Looking at Facial Recognition Technology

Julie Elizabeth Boyd - Liverpool John Moores University

-- One of the areas of law I have been interested in are issues concerning Human Rights and Civil Liberties. As part of my recent paper, entitled ‘Facial Recognition Technology: Private Lives and Public Spaces,’ which was presented to the CUHK Machine Lawyering Conference 2021, considered the Use of Facial Recognition Technology in the United Kingdom.

Security and law enforcement agencies are led by an increased demand to combat terrorism and crime. Amongst the methods in their armory is the increasing use of digital surveillance, which includes Facial Recognition Technology (FRT). FRT is a combination of applications that perform a specific task by using a human face to verify or identify an individual. FRT is able to capture the facial biometrics of members of the public who are passing within the range of surveillance cameras which have been deployed in a specific area. FRT then compares this data to the facial biometrics of individuals who are on what is known as police “watchlists”. Simply put, it is an automated system that uses technology to scan faces in crowds.

FRT systems for policing can be used to detect and prevent crime. They can be used to identify wanted, suspected or potential criminals, to identify protestors and the movement of persons in any given space where it is being utilized. They can also be used to help find missing persons, identify and find exploited children, identify and track criminals and support and accelerate investigations. However, there have been growing social and legal concerns due to the specific problems caused by its deployment and use.

Unrestricted use of FRT has been strongly criticised by civil liberties groups and the Equality and Human Rights Commission (EHRC) who claim it is a disproportionate invasion of privacy, including concerns around lack of transparency and oversight. FRT involves widespread monitoring, collection and storage of sensitive personal data without any individualized reasonable suspicion of criminal wrongdoing which may be considered as a form of indiscriminate mass surveillance. As such, democratic values and fundamental rights may be undermined without legal safeguards.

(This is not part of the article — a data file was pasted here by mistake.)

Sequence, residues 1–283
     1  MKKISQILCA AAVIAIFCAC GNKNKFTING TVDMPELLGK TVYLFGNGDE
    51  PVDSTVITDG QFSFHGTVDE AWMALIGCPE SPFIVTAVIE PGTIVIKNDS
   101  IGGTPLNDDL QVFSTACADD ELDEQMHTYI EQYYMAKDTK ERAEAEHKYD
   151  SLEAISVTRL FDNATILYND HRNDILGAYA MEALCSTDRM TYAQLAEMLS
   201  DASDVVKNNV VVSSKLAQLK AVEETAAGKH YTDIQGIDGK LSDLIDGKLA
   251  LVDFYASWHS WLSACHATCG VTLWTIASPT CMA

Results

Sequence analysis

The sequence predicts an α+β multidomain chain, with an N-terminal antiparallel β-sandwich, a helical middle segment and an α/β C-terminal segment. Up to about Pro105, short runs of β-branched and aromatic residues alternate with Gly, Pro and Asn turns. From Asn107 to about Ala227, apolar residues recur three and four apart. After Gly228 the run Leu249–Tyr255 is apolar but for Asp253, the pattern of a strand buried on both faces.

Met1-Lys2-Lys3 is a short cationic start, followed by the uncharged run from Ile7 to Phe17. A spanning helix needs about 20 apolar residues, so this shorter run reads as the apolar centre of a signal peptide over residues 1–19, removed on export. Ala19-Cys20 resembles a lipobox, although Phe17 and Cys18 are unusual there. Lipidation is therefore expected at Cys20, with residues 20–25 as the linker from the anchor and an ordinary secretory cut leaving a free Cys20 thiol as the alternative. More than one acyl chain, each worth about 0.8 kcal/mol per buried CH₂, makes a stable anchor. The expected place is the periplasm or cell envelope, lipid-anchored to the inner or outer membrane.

In October 2019, a Police Report revealed that FRT had been in use at Kings Cross since 2016. King’s Cross was one of the first landowners to admit that it had used FRT by deploying facial identification technology in CCTV cameras which prompted concerns over ethics and legality. Individuals would be tracked without their knowledge and hence without their consent. As such there were obvious concerns about a lack of appropriate oversight, safeguards, and procedures.

London Metropolitan Police issued an apology for failing to previously disclose that the scheme had existed. In September 2019, King’s Cross made the decision to abandon any future plans to use FRT.

In April 2018, Greater Manchester Police used FRT in the large Shopping Centre complex, known as the Trafford Centre, for six months and this was considered the largest FRT pilot trial in the UK but was stopped by the Surveillance Camera Commissioner, which is the Government’s Independent Regulator, amid concerns and that it had not been authorised by senior police officers. In September 2018, the pilot trial was suspended.

For the first time in the world, the issue of AFR was brought before the courts. R (Bridges) v Chief Constable of South Wales Police and Secretary of State for the Home Department [2019] EWHC 2341 (Admin). This case was later heard in the Court of Appeal. R (Bridges) V Chief Constable Of South Wales Police & Information Commissioner [2020] EWCA Civ 1058. The Court of Appeal ruled that the use of AFR by South Wales Police was unlawful and upheld three of the five points raised in the appeal.

The public do not have a right in law to appeal against a decision to install or use FRT. The only area of authority that may be referred to or relied upon is the Biometrics Commission, created by the Protection of Freedoms Act 2012 which has established a set of general ethical principles that should be applied to any FRT trial.

The public should be informed and consulted when an FRT trial is to be conducted and the purpose and general approach to evaluation must be explained The public should be informed of the location where the FRT trial is in progress and provided with details of whom to contact for further information.

If a member of the public felt that FRT was being used for any unlawful recording they can challenge the police if they feel that their own privacy is being compromised. However, if the police can show that they have a legitimate aim and meet the oversight and regulation framework (Security Camera Commission, Biometrics Commission and Information Commissioners Office) then it is likely that their use of FRT in that instance will be legally justified.

FRT is being utilized in various other public spaces in countries such as the United States of America, Australia, as well throughout the UK. These places include factories, cafes, airports, shopping areas, government buildings and even schools. As pointed out, FRT is initially seen as a technology used to identify criminals or missing people. Yet, its increasing use in other areas of public life may need to be more transparent, more closely scrutinized and more often challenged.

It is clear that as technology advances, the law will need to keep pace to ensure that the use of such technology does not breach human rights and civil liberties, and that if it does, it is answerable to the rule of law.

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